A still from the movie.
A still from the movie.

'Rautu Ka Raaz' Movie Review: Nawazuddin Siddiqui is back in this simple, soothing procedural

Set in a quaint, little hamlet in the Garhwal region of Uttarakhand, this film is a comforting mystery

KOCHI : Rautu Ka Raaz is a misleading title. The word ‘Raaz’ suggests a dark secret, brings to mind a diabolical force lurking in the woods of the hills the film is set in (thanks to Vikram Bhatt’s 2002 horror flick). Rautu... is anything but that. Set in a quaint, little hamlet in the Garhwal region of Uttarakhand, this film is a comforting mystery. It has the pacing of a bedtime story which doesn’t succumb to the juicy trappings of the fast-paced mountain thriller. There are no occult fires being burnt in the forests, no wall bears the shadow of a maneater approaching. The film is a truly tranquilising tale of a sleepy old village and the slow-life of its members.

SHO Deepak Negi (Nawazuddin Siddiqui) can’t get a shut eye. A murder will keep him further awake. At the local blind school, a hostel warden has been found dead in her bed. It seems like a regular case of the age-old heart attack. Rautu is no place for a killing. “We haven’t had a murder case in 15 years”, exclaims his deputy Dimri (an excellent Rajesh Kumar). Negi himself isn’t a keen gumshoe. When the post-mortem report states that the warden died of unnatural causes, like a weekday-weary employee he rues “Kaam badh gaya (Sh**, more work). Investigation reveals that the warden Sangeeta (Narayani Shastri) was more evil than hostel wardens tend to be. An affair, a molestation attempt, builders eyeing the school’s land, there are multiple pieces to this meditative whodunit.

Director Anand Surapur (The Fakir of Venice, 2009) and writer Shariq Patel weave an investigative that saunters like life in the hills. Rautu... is in no hurry and the story unfolds calmly. The dialogues don’t sound witty and convey the gentle conviction the makers have on the material. At the centre of it is the casually brilliant Nawazuddin Siddiqui. After a tryst with forgettable family-comedies, the actor gets back to a serious story which bears no weighty seriousness. Although Negi is a character who gets nightmares of a lost lover, Nawaz steers clear of the cliched boorishness of the drunkard detective. His cop nonchalantly does his duty while appearing to be a Yes Man. He even solves the case without a suspension.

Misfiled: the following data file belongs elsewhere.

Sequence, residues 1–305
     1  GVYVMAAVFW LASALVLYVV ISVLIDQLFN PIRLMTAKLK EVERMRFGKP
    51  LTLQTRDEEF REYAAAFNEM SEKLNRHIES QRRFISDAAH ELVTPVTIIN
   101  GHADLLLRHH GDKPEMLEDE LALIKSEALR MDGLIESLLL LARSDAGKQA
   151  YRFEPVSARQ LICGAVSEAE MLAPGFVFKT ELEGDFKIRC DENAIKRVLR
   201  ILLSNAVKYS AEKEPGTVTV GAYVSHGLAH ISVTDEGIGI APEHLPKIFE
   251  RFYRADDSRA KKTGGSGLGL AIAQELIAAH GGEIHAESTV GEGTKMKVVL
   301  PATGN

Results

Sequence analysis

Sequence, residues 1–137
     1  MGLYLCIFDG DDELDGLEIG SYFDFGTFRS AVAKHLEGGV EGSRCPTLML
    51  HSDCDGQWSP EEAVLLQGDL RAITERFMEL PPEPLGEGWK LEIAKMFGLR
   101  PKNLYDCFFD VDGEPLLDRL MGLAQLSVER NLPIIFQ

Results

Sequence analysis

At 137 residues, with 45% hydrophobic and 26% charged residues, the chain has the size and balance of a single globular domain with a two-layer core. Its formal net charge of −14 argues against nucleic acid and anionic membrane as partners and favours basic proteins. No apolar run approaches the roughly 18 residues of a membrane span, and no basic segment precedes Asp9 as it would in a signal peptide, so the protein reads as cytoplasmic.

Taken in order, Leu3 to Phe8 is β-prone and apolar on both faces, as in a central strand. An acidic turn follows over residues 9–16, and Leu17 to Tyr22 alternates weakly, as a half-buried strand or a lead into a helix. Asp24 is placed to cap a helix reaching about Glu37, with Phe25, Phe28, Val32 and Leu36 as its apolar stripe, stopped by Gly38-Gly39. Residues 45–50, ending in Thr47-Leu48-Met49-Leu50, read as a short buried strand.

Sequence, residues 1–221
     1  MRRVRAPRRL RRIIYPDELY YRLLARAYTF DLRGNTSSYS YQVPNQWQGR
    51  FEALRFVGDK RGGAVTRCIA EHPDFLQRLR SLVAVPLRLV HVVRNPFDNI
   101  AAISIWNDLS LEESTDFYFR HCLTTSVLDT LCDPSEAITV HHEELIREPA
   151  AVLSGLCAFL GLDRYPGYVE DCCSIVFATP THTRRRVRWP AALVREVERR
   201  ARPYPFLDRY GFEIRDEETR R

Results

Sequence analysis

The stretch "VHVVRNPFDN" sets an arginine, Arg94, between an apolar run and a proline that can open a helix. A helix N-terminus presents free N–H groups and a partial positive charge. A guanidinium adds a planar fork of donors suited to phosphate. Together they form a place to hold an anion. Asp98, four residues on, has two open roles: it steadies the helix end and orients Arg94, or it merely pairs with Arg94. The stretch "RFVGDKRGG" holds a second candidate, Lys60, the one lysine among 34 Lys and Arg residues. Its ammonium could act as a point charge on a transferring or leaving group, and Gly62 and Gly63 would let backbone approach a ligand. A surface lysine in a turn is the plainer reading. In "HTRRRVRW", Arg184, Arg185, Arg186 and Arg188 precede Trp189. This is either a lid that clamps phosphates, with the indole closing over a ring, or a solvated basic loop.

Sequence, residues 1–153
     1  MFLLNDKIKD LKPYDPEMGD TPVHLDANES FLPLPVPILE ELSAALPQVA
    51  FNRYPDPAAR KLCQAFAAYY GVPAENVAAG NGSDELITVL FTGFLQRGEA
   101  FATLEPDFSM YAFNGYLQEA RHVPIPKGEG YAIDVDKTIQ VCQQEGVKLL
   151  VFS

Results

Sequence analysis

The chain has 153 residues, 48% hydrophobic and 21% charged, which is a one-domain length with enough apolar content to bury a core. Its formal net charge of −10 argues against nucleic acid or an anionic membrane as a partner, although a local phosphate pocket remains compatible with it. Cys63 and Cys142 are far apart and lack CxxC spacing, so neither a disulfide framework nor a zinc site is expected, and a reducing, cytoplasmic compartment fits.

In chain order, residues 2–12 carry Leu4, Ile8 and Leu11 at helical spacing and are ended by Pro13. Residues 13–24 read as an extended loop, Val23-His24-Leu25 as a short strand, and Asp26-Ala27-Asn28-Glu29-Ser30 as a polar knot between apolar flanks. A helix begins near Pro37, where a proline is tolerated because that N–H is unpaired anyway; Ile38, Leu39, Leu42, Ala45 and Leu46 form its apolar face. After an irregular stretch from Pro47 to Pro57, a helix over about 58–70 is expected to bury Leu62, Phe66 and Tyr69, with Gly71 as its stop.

Rajesh Kumar plays the perfect sidekick. His Dimri isn’t reduced to an ignorable sycophant. Rajesh embodies the character’s clumsiness. He is hilarious without trying. In a sequence, I noticed how he treats his juniors in the same sarcastic manner he is being treated by Negi. Just another part in the authority machine.

Rautu... doesn’t try to be a riveting thriller. In a scene, a team of cops led by Negi have to entrap an absconding suspect. Numbed by murder mysteries over the years, I expected a chase sequence in the narrow by-lanes of a hill or in the marketplace swarming with tourists. The man gets a topple on the head and is pushed into a police car as he tries to sneak out the back door. Brilliant. The film also shines, like the morning sun on a lake, in sequences like Negi shutting his eye and trying to get down the stairs, after witnessing a visually-impaired kid rush up them or when he discusses the meaning of a painting with a blind school student. Although it has one song, there is a certain musicality in Rautu...that attaches itself to every scene. It flows like a late-night ghazal near the fireplace. Rautu Ka ‘Saaz’.

Film: Rautu Ka Raaz

Director: Anand Surapur

Cast: Nawazuddin Siddiqui, Rajesh Kumar, Atul Tiwari, Narayani Shastri

Streaming on: ZEE5

Rating: 3.5/5

The New Indian Express